However, be it understood that for the liturgy to obtain its fruit in each of the faithful, it is indispensable that they not only refrain from placing an obstacle to this, but that each cultivate the spiritual life intensely by meditation, prayer, penance and the faithful fulfillment of one’s own state of life even outside of worship (Nos. 11-13).
The liturgy does not suppress any indispensable activity of the spiritual or apostolic life, but baptizes them and orders them to the end of divine worship and human sanctification by full participation, spiritual and external, in the sacred actions; while under another aspect it brings these other works to fulfillment, by joining them in the sacred action. This is a fundamental and magnificent doctrine. One can see the tremendous consequences of this doctrine, taken seriously and lived, for the Christian life.
This doctrinal section not only codifies solemnly many doctrines already touched on in the encyclical Mediator Dei, but in some points clarifies and develops them. For example, in seeing the nature of the liturgy as the work of Christ Himself, the first sacrament (come sacramento primordiale), and as the work of the Church, the general sacrament established by Christ; secondly, in putting into more relief the double aspect of the liturgical action, as worship rendered to God and as the holiness which God effects in man; likewise in accentuating the fact that the liturgy is structured in sensible signs; and especially in the doctrine that the liturgy is the goal and source of the Church’s activity.
Liturgical Formation and Teaching of the Liturgy
He who sees the liturgy in the light of the council will not find it hard to understand the truth that the Church is anxious to bring to the people and to live intensely such a treasure (No. 14), and then to see how she is preoccupied in seeing that the clergy is fully instructed (Nos. 15-18); otherwise, this spirit cannot be passed on to the faithful (Nos. 19-20).
The contents of Article 19 are particularly important, not so much by the fact that here is it decreed that henceforth the liturgy is to be considered among the major disciplines in the ecclesiastical curriculum, but more by the directives given for the method of studying and teaching it. The council wants it to be taught “both from a theological and historical aspect, as well as a spiritual, pastoral and juridical aspect.” And a total concept of liturgy is to be taught, as it has become clarified in the last 20 years.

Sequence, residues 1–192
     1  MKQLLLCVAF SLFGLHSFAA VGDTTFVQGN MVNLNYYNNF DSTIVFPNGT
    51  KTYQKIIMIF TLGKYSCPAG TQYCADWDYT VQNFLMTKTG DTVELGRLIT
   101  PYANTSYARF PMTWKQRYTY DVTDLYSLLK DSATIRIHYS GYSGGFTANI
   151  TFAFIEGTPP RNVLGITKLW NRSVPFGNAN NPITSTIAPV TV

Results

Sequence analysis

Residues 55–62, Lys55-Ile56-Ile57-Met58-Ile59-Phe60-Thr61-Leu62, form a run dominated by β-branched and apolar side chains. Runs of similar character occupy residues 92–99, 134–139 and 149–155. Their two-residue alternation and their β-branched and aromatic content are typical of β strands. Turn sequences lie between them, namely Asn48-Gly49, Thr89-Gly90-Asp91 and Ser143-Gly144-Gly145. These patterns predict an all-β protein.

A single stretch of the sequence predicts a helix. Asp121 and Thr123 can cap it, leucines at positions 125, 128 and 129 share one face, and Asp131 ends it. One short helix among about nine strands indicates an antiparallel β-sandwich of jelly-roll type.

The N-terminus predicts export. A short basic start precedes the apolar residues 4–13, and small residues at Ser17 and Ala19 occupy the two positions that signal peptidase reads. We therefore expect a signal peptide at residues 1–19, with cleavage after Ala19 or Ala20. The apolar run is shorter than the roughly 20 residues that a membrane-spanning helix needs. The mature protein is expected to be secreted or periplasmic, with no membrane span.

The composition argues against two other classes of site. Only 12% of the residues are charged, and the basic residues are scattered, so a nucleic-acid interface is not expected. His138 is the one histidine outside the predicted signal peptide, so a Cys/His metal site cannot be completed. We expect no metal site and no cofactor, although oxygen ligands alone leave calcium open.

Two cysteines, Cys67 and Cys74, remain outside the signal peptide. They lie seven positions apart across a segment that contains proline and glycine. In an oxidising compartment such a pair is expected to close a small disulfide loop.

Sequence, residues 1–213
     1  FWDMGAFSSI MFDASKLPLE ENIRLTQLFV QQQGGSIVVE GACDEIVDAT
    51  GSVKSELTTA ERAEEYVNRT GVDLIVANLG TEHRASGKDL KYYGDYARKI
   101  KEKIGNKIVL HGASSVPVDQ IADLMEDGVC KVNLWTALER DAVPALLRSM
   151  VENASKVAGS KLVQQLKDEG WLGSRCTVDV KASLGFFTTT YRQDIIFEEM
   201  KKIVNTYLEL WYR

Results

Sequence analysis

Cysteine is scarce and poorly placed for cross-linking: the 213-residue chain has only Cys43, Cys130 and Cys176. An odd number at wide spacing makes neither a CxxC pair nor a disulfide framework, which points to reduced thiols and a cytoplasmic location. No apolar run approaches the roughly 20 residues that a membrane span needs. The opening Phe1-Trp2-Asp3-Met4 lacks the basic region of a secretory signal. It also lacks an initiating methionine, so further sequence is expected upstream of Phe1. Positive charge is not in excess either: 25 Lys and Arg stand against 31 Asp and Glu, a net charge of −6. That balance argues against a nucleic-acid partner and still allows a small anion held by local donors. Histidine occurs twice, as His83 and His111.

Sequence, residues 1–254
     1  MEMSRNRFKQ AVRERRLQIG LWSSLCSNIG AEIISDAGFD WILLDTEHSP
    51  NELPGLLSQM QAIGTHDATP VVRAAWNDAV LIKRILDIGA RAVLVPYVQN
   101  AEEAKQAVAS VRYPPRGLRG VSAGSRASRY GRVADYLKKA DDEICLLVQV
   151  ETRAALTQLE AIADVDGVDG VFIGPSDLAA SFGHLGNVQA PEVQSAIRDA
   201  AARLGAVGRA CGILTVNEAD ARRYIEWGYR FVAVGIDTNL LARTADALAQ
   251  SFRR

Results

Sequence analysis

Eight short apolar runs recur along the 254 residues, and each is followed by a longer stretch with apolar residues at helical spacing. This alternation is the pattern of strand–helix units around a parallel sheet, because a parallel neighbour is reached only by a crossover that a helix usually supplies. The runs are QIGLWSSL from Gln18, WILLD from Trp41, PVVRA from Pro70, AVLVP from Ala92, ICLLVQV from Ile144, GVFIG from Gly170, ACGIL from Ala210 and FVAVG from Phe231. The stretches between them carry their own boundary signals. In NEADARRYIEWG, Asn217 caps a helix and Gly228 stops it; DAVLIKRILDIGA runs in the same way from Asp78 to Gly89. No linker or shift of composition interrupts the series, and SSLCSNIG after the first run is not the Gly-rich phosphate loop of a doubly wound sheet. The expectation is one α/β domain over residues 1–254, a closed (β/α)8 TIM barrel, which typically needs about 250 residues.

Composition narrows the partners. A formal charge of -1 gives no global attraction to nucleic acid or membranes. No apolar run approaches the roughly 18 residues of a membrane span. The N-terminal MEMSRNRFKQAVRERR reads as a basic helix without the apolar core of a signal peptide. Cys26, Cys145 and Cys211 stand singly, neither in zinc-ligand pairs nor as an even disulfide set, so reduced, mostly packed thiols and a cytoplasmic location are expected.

We are far removed from identifying liturgical science with knowledge of the rubrics or even from a history of the rites. This is a point which is consequential not only for the instructors of the liturgy, but also for the liturgical formation of the clergy.
The council recommends then that “professors of the other theological disciplines, especially of dogma, of spiritual theology and pastoral, integrate into each subject the Mystery of Christ and salvation history, so that the lines of relation can be clearly seen between each other branch and the liturgy, for greater realization of unity in priestly formation.”
Also here we touch on a theoretical and fundamentally practical problem: that of the unity of the different branches of theology and of their reflections on priestly formation. It is said that this unity of the ecclesiastical sciences is sought in the fact that each must illustrate a fundamental common object: The sacred history summed up in the Mystery of Christ
If this is done in the proper manner, they all show themselves as links of every branch of knowledge to the liturgy. In fact, what is the liturgy except the actuality, under the veil of the sacramental signs, of the Sacred History of Christ present and working among us? That which the Bible proclaims as the Mystery, which dogma contemplates systematically, the spiritual life lives and the apostolate teaches and passes on to men. Thus the science of liturgy … is manifested in the formation and in the life of the priest, as the science in which is made actual all the truths of the other sciences. …
The Principal Directives of Liturgical Reform
We are now at the heart of the schema on the liturgy. If the liturgy is a complex of signs, of its very nature, it is essential that these signs manifest their meaning in such a way that the people might comprehend them easily in order to participate fully in the supernatural realities (No. 21). This is the bedrock principle of all liturgical reform.
The norms which follow from this are grouped in four sections: general norms (Nos. 22-25), norms derived from the hierarchical and communal nature of the liturgy (Nos. 26-32), norms derived from its didactic and pastoral nature (Nos. 33-36), norms derived from the necessity of adapting the liturgy to the genius and traditions of various peoples (Nos. 37-40).
The general norms establish the competent authority of liturgical reform, the principle of tradition and of legitimate progress, and the connection between liturgical reform and Biblical mentality, and affirm, in conclusion, the necessity of reform of the liturgical books.
A change of major importance is found in No. 22. First it is affirmed that the competent authority for liturgical reform is the Holy See alone, and, by law, the bishop. Then is established this principle that through a concession of law, this can apply also to episcopal authority, territorial, supradiocesan, even national. To this authority, in the following chapters is allocated the execution, application, and local adaptation regarding the liturgy, and that the Holy See does not intend any longer to reserve to itself exclusively this right as it did after the Council of Trent.